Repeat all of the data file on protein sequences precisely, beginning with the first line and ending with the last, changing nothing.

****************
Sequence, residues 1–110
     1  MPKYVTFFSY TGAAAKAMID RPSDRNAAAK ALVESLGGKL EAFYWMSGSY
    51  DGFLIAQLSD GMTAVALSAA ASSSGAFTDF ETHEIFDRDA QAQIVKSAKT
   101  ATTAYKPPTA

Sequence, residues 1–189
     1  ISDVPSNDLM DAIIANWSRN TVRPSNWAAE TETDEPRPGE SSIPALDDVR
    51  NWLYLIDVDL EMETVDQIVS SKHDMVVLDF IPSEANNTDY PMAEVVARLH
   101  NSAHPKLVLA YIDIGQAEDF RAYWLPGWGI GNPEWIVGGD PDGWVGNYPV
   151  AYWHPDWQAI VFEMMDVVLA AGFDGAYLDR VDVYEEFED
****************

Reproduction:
Sequence, residues 1–110
     1  MPKYVTFFSY TGAAAKAMID RPSDRNAAAK ALVESLGGKL EAFYWMSGSY
    51  DGFLIAQLSD GMTAVALSAA ASSSGAFTDF ETHEIFDRDA QAQIVKSAKT
   101  ATTAYKPPTA

Sequence, residues 1–189
     1  ISDVPSNDLM DAIIANWSRN TVRPSNWAAE TETDEPRPGE SSIPALDDVR
    51  NWLYLIDVDL EMETVDQIVS SKHDMVVLDF IPSEANNTDY PMAEVVARLH
   101  NSAHPKLVLA YIDIGQAEDF RAYWLPGWGI GNPEWIVGGD PDGWVGNYPV
   151  AYWHPDWQAI VFEMMDVVLA AGFDGAYLDR VDVYEEFED